Teaching kids common courtesy is important. But when it comes to toddlers, there are some common courtesies it's OK to ditch for a while.
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5 Common Courtesies to Ditch with Toddlers

Teaching kids common courtesy is important. But when it comes to toddlers, there are some common courtesies it's OK to ditch for a while.

We are tasked with teaching our children common courtesy. It’s the right and decent thing to do. But be careful about starting this training too early. Rather, start as early as you can, but know that you are not bound by the rules you teach.

In their formative years, we are prone to try to treat our little ones as people. It comes from a kind place, it does, but it is true folly. Many ‘common courtesies,’ in fact, are less than ineffective. It is often counterproductive. So for you, for your kids, for the future of society, please cast¬†aside these ‘common courtesies’ while with your toddlers.

Be Present

I prefer ‘pay attention.’ It’s a thing you can do. I mean, if I’m there, it’s literally impossible for me to not ‘be present,’ though I’ve been told repeatedly that I’m not. I don’t really know what they were talking about. I wasn’t listening. But I was there. How could I have been elsewhere?

And being there for a toddler is important several times a day. Other times, like the 12th time they’ve explained the specific misunderstanding they have of how the game ‘Blue’s Clues’ is played, is definitely a good time for you to plan dinner, think about fantasy sports or just slowly drift off to sleep. I promise you, they won’t notice.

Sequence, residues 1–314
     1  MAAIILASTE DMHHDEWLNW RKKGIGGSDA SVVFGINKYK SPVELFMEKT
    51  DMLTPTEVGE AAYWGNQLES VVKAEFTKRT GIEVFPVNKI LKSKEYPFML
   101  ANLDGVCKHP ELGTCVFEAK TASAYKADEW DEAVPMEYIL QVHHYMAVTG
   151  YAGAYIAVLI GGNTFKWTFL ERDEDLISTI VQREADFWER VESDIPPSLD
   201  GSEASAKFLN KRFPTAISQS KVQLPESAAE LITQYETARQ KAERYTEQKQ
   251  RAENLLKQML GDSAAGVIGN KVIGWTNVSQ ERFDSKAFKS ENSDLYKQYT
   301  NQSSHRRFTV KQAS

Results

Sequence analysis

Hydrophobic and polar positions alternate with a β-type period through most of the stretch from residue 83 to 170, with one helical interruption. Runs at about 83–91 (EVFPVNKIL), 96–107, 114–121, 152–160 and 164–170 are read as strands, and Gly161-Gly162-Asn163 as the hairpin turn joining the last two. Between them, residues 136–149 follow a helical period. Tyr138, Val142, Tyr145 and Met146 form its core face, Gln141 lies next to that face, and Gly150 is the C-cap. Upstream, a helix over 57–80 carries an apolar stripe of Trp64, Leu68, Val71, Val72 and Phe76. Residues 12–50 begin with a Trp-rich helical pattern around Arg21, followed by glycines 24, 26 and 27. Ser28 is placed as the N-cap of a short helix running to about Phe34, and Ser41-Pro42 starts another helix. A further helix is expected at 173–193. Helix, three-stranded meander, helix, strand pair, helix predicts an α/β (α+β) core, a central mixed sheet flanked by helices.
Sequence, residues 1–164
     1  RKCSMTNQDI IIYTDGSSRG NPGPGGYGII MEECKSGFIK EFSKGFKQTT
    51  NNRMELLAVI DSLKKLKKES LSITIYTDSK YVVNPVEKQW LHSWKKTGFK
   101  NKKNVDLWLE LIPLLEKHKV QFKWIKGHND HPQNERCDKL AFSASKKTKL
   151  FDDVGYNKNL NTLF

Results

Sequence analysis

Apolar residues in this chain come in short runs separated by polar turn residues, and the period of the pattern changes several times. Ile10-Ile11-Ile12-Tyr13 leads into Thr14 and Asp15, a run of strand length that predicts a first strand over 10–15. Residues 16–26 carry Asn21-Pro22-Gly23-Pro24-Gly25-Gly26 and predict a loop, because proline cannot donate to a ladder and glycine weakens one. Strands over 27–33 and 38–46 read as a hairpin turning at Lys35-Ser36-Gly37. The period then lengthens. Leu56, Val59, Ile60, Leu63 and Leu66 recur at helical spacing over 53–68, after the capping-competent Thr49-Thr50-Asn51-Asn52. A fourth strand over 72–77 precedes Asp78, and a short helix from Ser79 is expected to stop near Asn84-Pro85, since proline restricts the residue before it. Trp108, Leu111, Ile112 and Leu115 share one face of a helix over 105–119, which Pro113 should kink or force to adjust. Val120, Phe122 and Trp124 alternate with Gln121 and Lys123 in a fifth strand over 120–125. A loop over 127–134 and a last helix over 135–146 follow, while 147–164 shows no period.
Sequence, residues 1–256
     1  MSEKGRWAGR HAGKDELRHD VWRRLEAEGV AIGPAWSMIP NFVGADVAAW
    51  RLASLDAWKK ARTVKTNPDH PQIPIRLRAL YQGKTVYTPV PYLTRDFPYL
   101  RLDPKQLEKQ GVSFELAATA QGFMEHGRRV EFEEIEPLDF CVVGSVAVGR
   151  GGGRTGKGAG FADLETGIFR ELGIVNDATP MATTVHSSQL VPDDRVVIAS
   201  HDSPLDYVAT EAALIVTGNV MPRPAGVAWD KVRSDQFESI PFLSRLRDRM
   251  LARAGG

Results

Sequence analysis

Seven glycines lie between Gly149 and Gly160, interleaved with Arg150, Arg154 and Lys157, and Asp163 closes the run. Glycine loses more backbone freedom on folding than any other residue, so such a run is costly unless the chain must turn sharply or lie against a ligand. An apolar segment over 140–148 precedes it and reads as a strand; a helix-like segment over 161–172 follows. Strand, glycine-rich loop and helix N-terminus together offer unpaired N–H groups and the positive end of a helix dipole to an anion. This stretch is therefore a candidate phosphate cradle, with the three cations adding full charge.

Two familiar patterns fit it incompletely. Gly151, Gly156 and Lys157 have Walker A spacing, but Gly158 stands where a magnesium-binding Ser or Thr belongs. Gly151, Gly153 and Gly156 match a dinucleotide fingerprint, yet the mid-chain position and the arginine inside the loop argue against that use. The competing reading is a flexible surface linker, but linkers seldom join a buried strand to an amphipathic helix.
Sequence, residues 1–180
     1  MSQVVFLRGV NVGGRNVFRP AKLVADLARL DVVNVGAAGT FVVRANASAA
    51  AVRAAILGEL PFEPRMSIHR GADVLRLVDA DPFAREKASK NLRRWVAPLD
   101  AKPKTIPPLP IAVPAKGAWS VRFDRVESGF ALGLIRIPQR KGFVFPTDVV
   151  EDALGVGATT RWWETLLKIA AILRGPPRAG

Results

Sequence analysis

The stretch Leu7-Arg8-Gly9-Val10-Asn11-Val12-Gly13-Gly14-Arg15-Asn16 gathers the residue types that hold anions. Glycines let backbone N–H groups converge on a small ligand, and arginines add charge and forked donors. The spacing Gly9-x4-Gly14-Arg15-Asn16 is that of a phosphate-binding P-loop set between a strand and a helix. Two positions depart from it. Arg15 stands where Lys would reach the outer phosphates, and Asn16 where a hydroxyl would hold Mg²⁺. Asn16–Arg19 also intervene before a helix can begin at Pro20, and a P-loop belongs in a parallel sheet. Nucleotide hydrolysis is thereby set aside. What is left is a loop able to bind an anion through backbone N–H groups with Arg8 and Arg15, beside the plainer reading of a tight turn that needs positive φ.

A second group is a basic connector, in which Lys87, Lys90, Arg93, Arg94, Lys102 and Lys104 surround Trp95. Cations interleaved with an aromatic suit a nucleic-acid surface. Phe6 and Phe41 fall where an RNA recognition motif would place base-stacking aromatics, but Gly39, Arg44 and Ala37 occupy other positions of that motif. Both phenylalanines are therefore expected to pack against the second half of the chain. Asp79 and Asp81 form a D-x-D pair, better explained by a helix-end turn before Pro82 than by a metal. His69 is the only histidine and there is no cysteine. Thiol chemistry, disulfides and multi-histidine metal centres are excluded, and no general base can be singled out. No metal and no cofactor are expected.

Speak Not Of Bodily Functions

To the contrary. You will find yourself cheering like a drunken hockey fan for a little one bringing you the gift of a pile of crap in a puddle of piss in a pot. Turns out its the only decent thing to do.

Pajamas are for Bedtime.

I could not be less interested in this form of decency. There is no more informal setting than a private home with toddlers. I’d go so far as to say this is an oppressive request. Back off me and my comfy shorts, world, you have no idea the things we’ve seen together. This will surely change when they grow up, but for now ‘comfort’ is my cry of freedom.

Do Not Relieve Yourself in the Living Room

We are currently between potty trainers, and the thought of this reality is horrifying. That said, we have no bathroom on the first floor. We aren’t leaving the four year old alone for the ungodly amount of time new potty trainers often like to sit on the potty. Hence, we plop our pot in the living room, where the entertainment is. That way we can all try to focus on anything other than the elephant in the room who is learning to poop in the potty.

Prior Consent

These are people only in a technical sense. With regard to this ‘human right’ — the expectation that one is afforded the option to consent to an act before it is done — there is no use for it here. Have you ever tried to get a toddler to agree to do a thing they are opposed to? Besides, is ‘no’ really an option when it comes to dinner, bath, bed or forcible removal of a toddler who has been given the wrong color straw?

Courtesies are important for children to learn. Particularly the fourth one. (Seriously, if that one is an issue for any real length of time, you should probably consider speaking to a doctor.) But for the rest of them? One of the things we have to keep in mind is that rules are guidelines made to be ignored on occasion — one such occasion being when our kids are toddlers.¬†It’s about the only time you can say such a ridiculous thing as “Ddo as I say, not as I do.” They’ll take it.

We know how crazy it is to suggest that they shouldn’t learn from our actions but rather by our rules. The great thing is, they don’t know that yet. Amazing, right? So for this excruciatingly long, very brief moment in time that is the toddler years, be bold, teach well, and always remember, pajamas are perfectly acceptable any hour of the day!